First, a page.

Convincing a top-flight reliever to return to the KC Royals would indeed be a bombshell acquisition.
The signing last winter of Trevor Rosenthal probably generated more skepticism than excitement. Rosenthal, after all, was a pitcher in search of lost success, a once fearsome closer for the St. Louis Cardinals whose decline followed his best big league season, included a year lost to Tommy John surgery, and continued with a horrible 2019 season.
Rosenthal’s handful of seasons as the Cardinals’ closer are well-chronicled. He saved 121 games, including 45 in 2014 and a team record 48 in 2015.
Hard times followed. His ERA more than doubled to 4.46, his saves dropped to 14, and he averaged more than six walks every nine innings in 2016. The Cards lost confidence in him as a closer in 2017, a season ended by a torn UCL and Tommy John surgery, and he missed all of 2018 recovering. He split 2019 between Washington and Detroit and accumulated an ugly 13.50 ERA.
Undaunted, the KC Royals chose Rosenthal to be another of their many salvage operations when they inked him to a minor league deal last offseason. The effort succeeded—Rosenthal immediately displaced Ian Kennedy as closer and saved seven games and struck out 21 in just 13.2 innings before a trade deadline deal took him to contending San Diego.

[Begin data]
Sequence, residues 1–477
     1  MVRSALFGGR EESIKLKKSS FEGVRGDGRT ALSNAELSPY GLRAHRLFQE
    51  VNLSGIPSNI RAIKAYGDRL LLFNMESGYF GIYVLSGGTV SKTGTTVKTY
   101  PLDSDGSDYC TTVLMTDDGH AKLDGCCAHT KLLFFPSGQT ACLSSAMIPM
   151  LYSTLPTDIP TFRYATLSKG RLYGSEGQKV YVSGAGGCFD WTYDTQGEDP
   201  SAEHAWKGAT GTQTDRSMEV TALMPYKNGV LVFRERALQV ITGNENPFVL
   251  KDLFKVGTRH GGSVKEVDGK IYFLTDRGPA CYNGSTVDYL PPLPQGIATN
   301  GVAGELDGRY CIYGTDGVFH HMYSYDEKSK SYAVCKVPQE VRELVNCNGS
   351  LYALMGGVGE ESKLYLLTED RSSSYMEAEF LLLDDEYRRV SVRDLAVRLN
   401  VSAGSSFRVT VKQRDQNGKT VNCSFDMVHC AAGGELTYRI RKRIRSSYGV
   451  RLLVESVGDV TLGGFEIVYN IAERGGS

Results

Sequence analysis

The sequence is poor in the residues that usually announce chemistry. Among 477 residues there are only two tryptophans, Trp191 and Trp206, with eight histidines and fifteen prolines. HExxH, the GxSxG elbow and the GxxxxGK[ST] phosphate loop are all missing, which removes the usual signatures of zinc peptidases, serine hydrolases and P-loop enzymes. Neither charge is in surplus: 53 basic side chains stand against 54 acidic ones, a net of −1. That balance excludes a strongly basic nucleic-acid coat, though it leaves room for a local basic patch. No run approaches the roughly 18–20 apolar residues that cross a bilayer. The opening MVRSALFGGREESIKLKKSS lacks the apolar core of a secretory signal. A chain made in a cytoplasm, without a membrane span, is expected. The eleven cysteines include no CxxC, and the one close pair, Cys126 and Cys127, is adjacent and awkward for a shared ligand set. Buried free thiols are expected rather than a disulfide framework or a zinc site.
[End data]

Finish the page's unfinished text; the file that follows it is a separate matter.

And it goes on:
Proving he was truly back, Rosenthal pitched 10 times for the Padres, didn’t give up a run, saved four games, and fanned 17 and walked only one in 10 innings.
Although Greg Holland served as an adequate replacement for Rosenthal, don’t think the Royals wouldn’t like to get Rosenthal back. But a reunion would be a big surprise—Rosenthal seems smitten with the Padres, as he suggested via Twitter with this:
…followed by this, with a Padres’ cap adorning his profile pic:
But there’s more substantive evidence that reeling Rosenthal back to the Royal fold will be nearly impossible. The Padres, with whom he’s so obviously comfortable, are much, much closer to a World Series than KC, he probably wants to help them complete unfinished business (the Dodgers swept them in the NLDS), a job with San Diego job is secure, and his surprisingly successful comeback means he’ll be far more expensive than he was in 2020. Just the finances alone probably take him out of the Kansas City picture.
But one never knows and nothing is impossible. Dayton Moore might lure Rosenthal back during this week’s Winter Meetings, but his return would be a bombshell.